A French tourist has admitted three driving charges after a serious crash at Awakino last month that left six injured.
Stephane Yuan Mazerat, 29, admitted three charges of dangerous driving causing injury to three people on State Highway 3 at Awakino on January 5.
Six people were injured including two children and Mazerat's partner who was left in a critical condition.
Mazerat suffered a serious leg injury and was wheeled into the Hamilton District Court this morning when he admitted the charges.
Mazerat was convicted by Community Magistrate Ngaire Mascelle and ordered to surrender his passport by 4pm tomorrow.
He was remanded on bail to attend a restorative justice conference before reappearing for sentencing on March 5.
Otago tourist drivers appear in court
Five overseas drivers appeared in Otago courts yesterday after a weekend of death and injury again focused attention on tourist driving on southern roads.
The five included a Chinese tourist who appeared in the Dunedin District Court charged with dangerous driving causing the death of a 5-year-old girl on Saturday.
In Queenstown, two Chinese men and an Indian man were convicted of driving dangerously, fined and banned from driving on New Zealand roads.
Queenstown police caught and charged the three tourists within three and a-half hours on Sunday.
Another Chinese tourist admitted careless driving causing injury to three other tourists and was remanded on bail to reappear in the Queenstown District Court for sentencing on March 9.
Police yesterday released the name of the child who died when two vehicles collided on State Highway 1 near Moeraki on Saturday.
She was Ruby Jay Marris, of Oamaru. In the Dunedin District Court yesterday, a 32-year-old Beijing resident was given name suppression - after his lawyer argued the man was concerned for his safety - and bailed to an Auckland address.
The man, who showed no emotion during the hearing, left covering his face with documents, while a media pack attempted to take his photograph.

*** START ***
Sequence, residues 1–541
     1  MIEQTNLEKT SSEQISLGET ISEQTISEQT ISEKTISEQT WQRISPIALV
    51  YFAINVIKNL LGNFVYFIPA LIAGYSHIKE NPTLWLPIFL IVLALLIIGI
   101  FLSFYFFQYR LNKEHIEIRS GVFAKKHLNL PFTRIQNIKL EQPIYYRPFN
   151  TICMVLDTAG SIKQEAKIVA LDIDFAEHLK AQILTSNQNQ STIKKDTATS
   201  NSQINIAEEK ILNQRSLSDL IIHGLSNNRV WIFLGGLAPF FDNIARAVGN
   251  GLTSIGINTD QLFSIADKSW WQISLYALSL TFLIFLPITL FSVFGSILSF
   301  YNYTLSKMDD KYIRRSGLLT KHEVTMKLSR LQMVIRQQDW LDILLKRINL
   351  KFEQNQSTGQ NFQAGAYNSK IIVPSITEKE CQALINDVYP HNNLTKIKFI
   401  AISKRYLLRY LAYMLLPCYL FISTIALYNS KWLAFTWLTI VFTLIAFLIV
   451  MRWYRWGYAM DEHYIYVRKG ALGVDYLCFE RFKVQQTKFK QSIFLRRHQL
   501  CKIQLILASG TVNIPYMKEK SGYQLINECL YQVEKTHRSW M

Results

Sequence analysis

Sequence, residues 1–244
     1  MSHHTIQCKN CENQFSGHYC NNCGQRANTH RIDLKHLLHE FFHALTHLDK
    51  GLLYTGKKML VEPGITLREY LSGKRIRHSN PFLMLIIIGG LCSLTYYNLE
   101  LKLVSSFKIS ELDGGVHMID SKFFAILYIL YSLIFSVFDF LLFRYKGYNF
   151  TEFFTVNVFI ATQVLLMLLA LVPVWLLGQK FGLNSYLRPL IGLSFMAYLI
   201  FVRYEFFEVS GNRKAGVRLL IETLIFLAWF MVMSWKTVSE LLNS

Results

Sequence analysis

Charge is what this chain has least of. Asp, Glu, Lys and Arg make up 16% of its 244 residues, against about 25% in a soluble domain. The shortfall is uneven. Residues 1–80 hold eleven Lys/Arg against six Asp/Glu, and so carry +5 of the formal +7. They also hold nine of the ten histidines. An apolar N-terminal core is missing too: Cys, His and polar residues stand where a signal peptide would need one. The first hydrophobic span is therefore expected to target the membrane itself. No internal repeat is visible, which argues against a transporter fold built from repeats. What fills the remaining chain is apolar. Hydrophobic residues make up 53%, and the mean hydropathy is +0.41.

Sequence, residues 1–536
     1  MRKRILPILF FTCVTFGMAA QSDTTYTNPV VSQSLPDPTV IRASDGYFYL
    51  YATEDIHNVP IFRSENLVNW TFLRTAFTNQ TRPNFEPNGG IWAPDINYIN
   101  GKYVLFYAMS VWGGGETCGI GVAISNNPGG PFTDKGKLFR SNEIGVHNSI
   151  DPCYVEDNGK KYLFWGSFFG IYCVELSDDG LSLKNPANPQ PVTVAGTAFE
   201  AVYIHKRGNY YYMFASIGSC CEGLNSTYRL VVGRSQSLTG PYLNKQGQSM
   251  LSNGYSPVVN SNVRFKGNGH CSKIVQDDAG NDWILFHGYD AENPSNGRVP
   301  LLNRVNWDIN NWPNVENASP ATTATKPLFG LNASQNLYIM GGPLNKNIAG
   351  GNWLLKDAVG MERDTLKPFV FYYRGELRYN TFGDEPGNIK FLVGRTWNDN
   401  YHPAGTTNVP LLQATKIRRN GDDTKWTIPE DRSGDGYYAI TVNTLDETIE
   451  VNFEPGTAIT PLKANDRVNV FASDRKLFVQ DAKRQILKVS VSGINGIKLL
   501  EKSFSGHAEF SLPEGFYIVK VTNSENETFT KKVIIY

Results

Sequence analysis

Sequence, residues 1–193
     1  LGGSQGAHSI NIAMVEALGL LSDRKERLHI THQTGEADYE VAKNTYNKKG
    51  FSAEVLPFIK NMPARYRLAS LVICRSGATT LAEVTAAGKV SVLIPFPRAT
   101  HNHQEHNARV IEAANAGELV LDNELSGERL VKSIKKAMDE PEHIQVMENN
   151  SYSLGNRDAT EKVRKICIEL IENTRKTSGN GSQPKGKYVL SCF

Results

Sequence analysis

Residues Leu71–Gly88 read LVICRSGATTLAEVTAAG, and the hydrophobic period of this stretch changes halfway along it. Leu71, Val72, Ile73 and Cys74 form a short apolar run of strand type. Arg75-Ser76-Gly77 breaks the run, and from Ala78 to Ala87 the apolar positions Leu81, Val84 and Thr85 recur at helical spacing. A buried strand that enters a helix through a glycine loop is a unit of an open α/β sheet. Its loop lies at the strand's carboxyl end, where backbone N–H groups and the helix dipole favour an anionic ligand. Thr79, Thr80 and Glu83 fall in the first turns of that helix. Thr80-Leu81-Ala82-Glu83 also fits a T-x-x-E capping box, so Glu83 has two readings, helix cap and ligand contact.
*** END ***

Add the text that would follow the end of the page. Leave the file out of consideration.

The man's lawyer, Michael Kan, of Auckland, applied for interim name suppression and a ban on publication of any photographs of the defendant before his next appearance in the Dunedin District Court.
Mr Kan told justice of the peace Ashley Broad the defendant was aware he was accused of causing the death of the girl, and was very concerned about his own safety.
The man faces five associated charges of dangerous driving causing injury to Tristan Guy Marris, Kimberley Louise Marris, Sophie Marris, Georgia Marris and Hoo Li Jian.
Prosecutor Adrian Cheyne did not oppose bail until the defendant's next appearance on March 13 but asked for strict conditions.
The man entered no plea and was remanded on bail to an Auckland address.
He must surrender his passport and driver's licence, is not allowed to drive and must not try to leave New Zealand.
The re-emergence of the issue of tourist drivers on New Zealand roads coincides with a meeting being held today on a plan for a rental car industry blacklist system for drivers whose rental contracts have been cancelled.
Contacted yesterday, NZTA southern regional director Jim Harland pointed to amended rental vehicle agreement forms; increased communication between rental car companies; a website dedicated to tourist driving in New Zealand; bus advertising; and the introduction of removable steering wheel tags with safety messages - launched in Queenstown last year - as efforts to address the problem.
''Quite a lot is happening,'' Mr Harland said.
More would be done to learn further details of crashes like those at the weekend, including the country of origin of drivers, locations and patterns.
That information could be used to make roading improvements such as rumble strips in the centre of the road, and increasing the number of lay-bys and keep-left signs.
Staff would be looking at data in the next two months, a finding would come back and ''we will hopefully have some money in the highways budget to make a difference, or the local road budget''.
Asked about driver testing for tourist drivers, Mr Harland said that was a matter for policymakers.
Rental Vehicle Association (RVA) chairman Barry Kidd said he was meeting, along with the Tourism Industry Association, local rental operators in Queenstown today.
The meeting would look at implementing a Queenstown trial of a proposed regional information-sharing network - known in the media as a ''blacklist''.
The list would involve rental companies sharing the names of drivers with cancelled contracts, and agreeing not to allow them to rent a car.
''We're looking at the people who are the most risky overseas drivers, have had a vehicle taken off them on the recommendation of the police, and we certainly don't want them to get back behind the wheel of a car - not while they're in New Zealand anyway,'' Mr Kidd said.
''We're floating it with local operators tomorrow.''
Depending on their willingness to participate, the RVA would operate the system to make it work.
The local operators ''need to own it'', Mr Kidd said.
National operators had already indicated they would ''put their weight behind it''.
Mr Kidd said drivers had their contract cancelled after they had been pulled over by police, or after multiple *555 calls, and police contacted companies.
Nationally, one or two drivers had contracts cancelled each week, out of about 100,000 contracts a month.
- David Loughrey, ODT